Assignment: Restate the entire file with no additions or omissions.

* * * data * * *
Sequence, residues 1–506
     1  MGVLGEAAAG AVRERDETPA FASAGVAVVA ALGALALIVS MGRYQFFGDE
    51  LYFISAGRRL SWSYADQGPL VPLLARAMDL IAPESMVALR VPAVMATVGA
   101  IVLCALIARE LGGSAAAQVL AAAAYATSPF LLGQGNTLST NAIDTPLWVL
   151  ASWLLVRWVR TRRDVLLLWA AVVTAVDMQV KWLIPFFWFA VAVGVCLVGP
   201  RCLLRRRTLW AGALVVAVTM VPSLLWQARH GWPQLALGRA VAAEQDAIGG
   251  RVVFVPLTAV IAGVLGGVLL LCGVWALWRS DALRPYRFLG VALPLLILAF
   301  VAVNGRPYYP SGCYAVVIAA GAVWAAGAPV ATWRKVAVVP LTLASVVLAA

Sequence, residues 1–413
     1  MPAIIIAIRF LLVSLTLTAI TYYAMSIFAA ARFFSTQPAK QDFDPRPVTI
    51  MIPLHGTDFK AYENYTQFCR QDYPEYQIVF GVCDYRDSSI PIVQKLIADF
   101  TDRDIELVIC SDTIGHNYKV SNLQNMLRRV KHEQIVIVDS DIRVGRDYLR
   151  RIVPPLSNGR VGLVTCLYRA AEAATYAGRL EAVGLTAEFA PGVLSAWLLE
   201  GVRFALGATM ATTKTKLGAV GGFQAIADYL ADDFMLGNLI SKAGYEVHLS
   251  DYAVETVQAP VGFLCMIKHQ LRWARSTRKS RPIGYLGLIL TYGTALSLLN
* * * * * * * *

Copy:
Sequence, residues 1–506
     1  MGVLGEAAAG AVRERDETPA FASAGVAVVA ALGALALIVS MGRYQFFGDE
    51  LYFISAGRRL SWSYADQGPL VPLLARAMDL IAPESMVALR VPAVMATVGA
   101  IVLCALIARE LGGSAAAQVL AAAAYATSPF LLGQGNTLST NAIDTPLWVL
   151  ASWLLVRWVR TRRDVLLLWA AVVTAVDMQV KWLIPFFWFA VAVGVCLVGP
   201  RCLLRRRTLW AGALVVAVTM VPSLLWQARH GWPQLALGRA VAAEQDAIGG
   251  RVVFVPLTAV IAGVLGGVLL LCGVWALWRS DALRPYRFLG VALPLLILAF
   301  VAVNGRPYYP SGCYAVVIAA GAVWAAGAPV ATWRKVAVVP LTLASVVLAA

Sequence, residues 1–413
     1  MPAIIIAIRF LLVSLTLTAI TYYAMSIFAA ARFFSTQPAK QDFDPRPVTI
    51  MIPLHGTDFK AYENYTQFCR QDYPEYQIVF GVCDYRDSSI PIVQKLIADF
   101  TDRDIELVIC SDTIGHNYKV SNLQNMLRRV KHEQIVIVDS DIRVGRDYLR
   151  RIVPPLSNGR VGLVTCLYRA AEAATYAGRL EAVGLTAEFA PGVLSAWLLE
   201  GVRFALGATM ATTKTKLGAV GGFQAIADYL ADDFMLGNLI SKAGYEVHLS
   251  DYAVETVQAP VGFLCMIKHQ LRWARSTRKS RPIGYLGLIL TYGTALSLLN